Although single-country studies indicate alcohol consumption among some pregnant women in Europe, it is difficult to interpret European differences as few multinational studies exist.
A study set out to estimate the proportion of women consuming alcohol during pregnancy in Europe, and analysed whether between country variations could be explained by sociodemography and smoking.
An anonymous online questionnaire was accessible for pregnant women and new mothers in 11 European countries for two months between October 2011 and February 2012. The questionnaire covered alcohol consumption, sociodemographic factors, and smoking habits during pregnancy. Descriptive analyses and logistic regression models were conducted.
The study population consisted of 7,905 women, 53.1% pregnant and 46.9% new mothers. On average, 15.8% reported alcohol consumption during pregnancy. The highest proportion of alcohol consumption during pregnancy was found in the UK (28.5%), Russia (26.5%), and Switzerland (20.9%) and the lowest in Norway (4.1%), Sweden (7.2%), and Poland (9.7%). When reporting alcohol consumption during pregnancy, 39% consumed at least one unit per month.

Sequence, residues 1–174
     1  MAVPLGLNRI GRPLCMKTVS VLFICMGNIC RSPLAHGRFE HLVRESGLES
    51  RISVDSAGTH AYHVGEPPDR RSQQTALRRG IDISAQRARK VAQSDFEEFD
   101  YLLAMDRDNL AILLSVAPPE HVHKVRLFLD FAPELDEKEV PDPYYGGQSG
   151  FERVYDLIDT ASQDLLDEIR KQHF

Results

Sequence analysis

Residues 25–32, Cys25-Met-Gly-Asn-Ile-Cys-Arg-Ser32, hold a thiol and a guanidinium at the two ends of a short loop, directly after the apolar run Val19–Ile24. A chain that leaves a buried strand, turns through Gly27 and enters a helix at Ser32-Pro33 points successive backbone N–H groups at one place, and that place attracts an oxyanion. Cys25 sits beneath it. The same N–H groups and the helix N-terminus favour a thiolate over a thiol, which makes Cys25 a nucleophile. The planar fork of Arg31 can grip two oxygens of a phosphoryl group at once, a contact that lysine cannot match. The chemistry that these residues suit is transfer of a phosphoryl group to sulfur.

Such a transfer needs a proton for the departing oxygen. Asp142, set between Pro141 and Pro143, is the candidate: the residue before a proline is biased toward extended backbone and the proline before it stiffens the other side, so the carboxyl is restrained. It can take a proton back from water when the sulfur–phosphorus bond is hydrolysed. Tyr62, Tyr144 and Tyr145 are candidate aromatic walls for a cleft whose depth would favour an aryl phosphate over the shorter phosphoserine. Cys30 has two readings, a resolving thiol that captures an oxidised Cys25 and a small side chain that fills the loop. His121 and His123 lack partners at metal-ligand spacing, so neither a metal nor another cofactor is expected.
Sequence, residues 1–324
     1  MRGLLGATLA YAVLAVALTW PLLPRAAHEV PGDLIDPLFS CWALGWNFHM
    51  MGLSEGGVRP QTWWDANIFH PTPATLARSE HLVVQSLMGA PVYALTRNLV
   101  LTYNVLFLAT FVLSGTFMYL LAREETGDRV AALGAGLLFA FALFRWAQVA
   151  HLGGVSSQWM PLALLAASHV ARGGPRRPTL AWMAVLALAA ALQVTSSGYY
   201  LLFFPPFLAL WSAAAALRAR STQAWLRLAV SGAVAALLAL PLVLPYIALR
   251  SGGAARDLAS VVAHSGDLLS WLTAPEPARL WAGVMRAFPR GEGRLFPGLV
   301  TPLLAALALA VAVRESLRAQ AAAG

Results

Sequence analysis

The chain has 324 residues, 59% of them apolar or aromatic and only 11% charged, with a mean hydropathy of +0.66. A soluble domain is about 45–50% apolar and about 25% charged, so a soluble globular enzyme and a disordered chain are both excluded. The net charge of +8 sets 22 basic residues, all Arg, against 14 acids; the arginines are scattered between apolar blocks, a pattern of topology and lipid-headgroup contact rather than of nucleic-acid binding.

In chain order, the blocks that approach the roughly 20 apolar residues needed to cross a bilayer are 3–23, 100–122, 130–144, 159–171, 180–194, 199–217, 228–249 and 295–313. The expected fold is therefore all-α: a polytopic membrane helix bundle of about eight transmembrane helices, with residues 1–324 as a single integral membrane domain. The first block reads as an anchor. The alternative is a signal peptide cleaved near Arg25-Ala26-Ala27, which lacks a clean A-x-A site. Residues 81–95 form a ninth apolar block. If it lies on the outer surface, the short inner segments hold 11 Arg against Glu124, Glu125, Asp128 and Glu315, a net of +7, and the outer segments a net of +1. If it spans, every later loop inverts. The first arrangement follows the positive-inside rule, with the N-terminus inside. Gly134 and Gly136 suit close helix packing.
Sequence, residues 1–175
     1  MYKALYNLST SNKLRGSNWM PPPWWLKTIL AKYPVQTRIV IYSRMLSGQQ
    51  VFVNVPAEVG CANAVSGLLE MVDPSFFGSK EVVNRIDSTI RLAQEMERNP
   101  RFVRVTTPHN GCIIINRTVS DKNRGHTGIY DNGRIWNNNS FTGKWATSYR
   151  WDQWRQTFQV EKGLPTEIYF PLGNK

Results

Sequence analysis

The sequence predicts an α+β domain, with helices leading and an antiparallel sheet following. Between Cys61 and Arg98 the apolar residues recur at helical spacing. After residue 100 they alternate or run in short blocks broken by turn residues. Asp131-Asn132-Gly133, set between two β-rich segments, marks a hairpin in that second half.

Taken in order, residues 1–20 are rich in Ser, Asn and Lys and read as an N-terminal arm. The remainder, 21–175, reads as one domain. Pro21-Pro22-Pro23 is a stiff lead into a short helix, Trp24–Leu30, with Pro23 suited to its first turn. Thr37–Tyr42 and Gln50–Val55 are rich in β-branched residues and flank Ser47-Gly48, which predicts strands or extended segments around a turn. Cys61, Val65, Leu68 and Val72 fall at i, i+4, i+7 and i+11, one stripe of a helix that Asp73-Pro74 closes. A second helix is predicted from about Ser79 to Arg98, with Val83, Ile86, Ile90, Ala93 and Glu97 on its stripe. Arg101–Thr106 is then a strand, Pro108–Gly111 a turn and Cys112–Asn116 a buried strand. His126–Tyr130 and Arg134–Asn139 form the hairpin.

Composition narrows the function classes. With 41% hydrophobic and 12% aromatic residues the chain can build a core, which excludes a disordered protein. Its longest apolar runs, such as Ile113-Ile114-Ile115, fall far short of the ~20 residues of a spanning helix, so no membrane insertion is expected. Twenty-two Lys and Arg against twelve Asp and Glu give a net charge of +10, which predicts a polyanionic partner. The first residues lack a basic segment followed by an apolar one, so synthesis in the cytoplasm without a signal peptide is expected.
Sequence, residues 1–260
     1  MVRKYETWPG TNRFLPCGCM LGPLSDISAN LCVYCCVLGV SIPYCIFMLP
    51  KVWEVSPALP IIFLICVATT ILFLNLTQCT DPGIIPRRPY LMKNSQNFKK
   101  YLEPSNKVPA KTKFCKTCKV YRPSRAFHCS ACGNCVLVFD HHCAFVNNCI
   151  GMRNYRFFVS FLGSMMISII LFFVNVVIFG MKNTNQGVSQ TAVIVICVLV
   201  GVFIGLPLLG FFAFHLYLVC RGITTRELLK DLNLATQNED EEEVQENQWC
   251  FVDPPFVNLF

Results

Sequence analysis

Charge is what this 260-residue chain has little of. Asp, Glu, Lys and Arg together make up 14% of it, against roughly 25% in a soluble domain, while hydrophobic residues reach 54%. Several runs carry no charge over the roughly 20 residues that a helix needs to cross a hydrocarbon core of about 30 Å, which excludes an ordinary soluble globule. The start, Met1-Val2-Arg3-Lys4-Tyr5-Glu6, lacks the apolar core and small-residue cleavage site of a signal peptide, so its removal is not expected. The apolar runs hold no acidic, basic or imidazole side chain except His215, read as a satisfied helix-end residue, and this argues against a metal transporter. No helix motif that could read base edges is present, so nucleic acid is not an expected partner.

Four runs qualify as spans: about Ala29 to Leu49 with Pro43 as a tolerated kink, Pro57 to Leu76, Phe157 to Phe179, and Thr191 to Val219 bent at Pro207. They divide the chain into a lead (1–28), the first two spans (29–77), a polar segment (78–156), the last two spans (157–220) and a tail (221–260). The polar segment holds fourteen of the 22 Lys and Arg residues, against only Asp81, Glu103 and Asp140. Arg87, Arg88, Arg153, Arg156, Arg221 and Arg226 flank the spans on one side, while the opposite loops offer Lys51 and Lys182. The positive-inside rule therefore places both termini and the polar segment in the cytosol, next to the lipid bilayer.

In Italy, Switzerland, and the UK, over half consumed at least one alcohol unit per month. Higher education and smoking before pregnancy were predictors of alcohol consumption during pregnancy. Almost 16% of women resident in Europe consumed alcohol during pregnancy with large cross-country variations. Education and smoking prior to pregnancy could not fully explain the differences between the European countries. A united European strategy to prevent alcohol consumption during pregnancy is needed to focus on countries with the highest consumption, the researchers suggest.
Source: Consumption of alcohol during pregnancy – a multinational European study. Mardby AC; Lupattelli A; Hensing G; Nordeng H. Women and Birth, published early online 19 January 2017.